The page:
Depending on the origin and function, metabolites can be divided into two major categories; namely, Primary and Secondary metabolites.
Primary metabolites are microbial products produced continuously during the exponential phase of growth and are involved in primary metabolic processes such as respiration and photosynthesis. They include intermediates and end-products of anabolic metabolism, which are used by the cell as building blocks for essential macromolecules (e.g. amino acids, nucleotides) or are converted to coenzymes (e.g. vitamins). Industrially, the most significant primary metabolites are amino acids, nucleotides, vitamins, solvents and organic acids. Many of these metabolites are manufactured by microbial fermentation and isolation instead of chemical synthesis because the fermentations are economically competitive and produce biologically useful isomeric forms.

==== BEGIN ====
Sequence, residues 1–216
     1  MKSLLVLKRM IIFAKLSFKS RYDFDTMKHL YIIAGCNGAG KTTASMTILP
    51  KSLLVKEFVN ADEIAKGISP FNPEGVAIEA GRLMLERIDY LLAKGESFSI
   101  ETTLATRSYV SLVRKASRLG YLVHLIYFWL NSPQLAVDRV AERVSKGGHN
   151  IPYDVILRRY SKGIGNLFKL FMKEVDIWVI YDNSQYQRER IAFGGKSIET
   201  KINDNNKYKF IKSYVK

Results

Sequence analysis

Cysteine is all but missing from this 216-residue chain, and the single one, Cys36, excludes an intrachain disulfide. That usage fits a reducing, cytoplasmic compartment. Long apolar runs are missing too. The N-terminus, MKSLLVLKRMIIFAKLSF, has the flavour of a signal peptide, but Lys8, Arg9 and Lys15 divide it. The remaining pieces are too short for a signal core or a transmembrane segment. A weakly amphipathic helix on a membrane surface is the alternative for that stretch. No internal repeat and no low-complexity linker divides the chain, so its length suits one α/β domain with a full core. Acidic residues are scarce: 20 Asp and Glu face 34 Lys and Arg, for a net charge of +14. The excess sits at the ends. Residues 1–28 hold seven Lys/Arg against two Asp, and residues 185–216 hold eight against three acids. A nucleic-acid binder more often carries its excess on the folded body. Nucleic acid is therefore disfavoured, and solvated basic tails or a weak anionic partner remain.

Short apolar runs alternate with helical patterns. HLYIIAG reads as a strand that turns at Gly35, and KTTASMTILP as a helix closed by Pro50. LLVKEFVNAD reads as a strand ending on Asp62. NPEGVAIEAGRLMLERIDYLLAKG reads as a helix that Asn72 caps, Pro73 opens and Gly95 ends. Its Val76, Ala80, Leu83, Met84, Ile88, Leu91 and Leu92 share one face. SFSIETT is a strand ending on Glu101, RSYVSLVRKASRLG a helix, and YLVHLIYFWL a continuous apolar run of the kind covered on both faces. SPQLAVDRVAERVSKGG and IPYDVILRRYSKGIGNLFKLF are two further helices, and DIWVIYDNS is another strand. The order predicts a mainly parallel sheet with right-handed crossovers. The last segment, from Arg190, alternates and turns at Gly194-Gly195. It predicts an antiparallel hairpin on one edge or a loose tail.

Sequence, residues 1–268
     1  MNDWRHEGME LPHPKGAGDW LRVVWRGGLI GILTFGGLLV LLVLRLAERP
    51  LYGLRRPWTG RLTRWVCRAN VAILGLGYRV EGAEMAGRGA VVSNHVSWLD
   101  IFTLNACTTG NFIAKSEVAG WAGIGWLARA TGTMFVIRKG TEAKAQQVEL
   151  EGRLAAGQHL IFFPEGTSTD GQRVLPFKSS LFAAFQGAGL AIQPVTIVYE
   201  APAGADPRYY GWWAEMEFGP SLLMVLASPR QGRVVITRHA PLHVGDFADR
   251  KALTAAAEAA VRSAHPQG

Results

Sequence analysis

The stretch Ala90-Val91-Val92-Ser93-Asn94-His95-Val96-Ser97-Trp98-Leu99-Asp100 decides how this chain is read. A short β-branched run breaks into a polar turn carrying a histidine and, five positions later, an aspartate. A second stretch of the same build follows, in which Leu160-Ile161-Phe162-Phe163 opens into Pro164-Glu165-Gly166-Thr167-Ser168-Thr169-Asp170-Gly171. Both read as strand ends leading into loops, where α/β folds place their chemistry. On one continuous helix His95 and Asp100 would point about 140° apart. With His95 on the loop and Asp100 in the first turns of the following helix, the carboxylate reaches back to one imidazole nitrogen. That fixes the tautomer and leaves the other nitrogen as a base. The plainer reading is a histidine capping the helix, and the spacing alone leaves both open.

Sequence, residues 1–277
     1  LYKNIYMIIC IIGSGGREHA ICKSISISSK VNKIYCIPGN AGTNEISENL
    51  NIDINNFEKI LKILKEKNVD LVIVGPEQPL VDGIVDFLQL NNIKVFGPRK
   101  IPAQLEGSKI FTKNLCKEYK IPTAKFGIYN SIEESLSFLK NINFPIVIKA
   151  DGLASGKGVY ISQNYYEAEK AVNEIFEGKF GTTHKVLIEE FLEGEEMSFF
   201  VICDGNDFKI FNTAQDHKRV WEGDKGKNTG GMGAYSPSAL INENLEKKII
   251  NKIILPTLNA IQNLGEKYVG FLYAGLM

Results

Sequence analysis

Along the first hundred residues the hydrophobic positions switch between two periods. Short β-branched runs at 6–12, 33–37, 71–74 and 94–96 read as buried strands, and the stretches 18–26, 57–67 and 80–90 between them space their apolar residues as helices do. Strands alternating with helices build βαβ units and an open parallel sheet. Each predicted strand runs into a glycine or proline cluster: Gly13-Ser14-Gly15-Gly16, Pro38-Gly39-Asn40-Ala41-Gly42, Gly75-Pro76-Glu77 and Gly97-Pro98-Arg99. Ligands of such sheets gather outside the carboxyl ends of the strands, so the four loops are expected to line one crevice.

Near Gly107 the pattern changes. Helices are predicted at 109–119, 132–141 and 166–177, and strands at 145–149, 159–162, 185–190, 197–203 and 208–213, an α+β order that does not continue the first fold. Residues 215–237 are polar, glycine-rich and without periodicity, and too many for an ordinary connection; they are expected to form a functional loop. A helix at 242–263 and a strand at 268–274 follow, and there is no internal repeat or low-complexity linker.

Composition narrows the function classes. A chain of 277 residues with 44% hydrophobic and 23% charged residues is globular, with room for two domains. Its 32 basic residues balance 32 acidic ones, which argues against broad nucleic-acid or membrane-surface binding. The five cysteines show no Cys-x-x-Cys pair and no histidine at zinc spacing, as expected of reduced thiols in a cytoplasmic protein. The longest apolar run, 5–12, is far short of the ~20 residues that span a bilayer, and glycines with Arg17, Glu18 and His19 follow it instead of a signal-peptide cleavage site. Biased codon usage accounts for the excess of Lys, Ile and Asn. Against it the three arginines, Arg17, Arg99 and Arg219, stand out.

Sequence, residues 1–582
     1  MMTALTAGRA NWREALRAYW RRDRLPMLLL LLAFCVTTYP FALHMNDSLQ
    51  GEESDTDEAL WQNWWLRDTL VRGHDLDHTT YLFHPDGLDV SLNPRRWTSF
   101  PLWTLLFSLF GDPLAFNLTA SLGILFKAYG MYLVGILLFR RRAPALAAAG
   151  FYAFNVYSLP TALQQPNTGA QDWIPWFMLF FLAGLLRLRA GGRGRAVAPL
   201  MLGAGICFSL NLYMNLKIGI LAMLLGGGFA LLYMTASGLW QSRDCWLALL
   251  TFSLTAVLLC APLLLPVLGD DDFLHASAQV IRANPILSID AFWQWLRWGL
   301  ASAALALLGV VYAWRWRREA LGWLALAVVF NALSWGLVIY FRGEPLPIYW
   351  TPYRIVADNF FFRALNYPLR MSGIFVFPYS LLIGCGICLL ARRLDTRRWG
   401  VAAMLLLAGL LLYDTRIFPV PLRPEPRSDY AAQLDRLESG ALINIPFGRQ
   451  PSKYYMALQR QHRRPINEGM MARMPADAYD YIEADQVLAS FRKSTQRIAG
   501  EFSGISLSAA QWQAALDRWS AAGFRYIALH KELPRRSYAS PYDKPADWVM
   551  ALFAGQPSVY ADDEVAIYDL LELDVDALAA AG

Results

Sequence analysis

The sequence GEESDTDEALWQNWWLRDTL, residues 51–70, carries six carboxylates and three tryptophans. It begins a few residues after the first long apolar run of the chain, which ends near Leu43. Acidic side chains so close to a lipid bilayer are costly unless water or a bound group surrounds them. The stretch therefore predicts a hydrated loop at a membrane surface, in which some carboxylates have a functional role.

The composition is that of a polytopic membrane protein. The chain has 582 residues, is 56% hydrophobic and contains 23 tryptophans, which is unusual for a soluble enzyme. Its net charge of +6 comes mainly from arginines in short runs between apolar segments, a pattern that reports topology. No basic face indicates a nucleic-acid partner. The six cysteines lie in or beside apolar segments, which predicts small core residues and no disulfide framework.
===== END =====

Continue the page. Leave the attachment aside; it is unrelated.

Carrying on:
Microbial secondary metabolites are compounds produced by an organism that are not required for primary metabolic processes, although they can have important ecologic and other functions. Streptomycetes and related actinomycetes continue to be prolific sources of novel secondary metabolites. Microbial secondary metabolites include antibiotics, pigments, toxins, effectors of ecological competition and symbiosis, pheromones, enzyme inhibitors, immunomodulating agents, receptor antagonists and agonists, pesticides, antitumor agents and growth promoters of animals and plants. Secondary metabolites are derived by pathways in which primary metabolites involve. Therefore, secondary metabolites are considered as the end products of primary metabolites.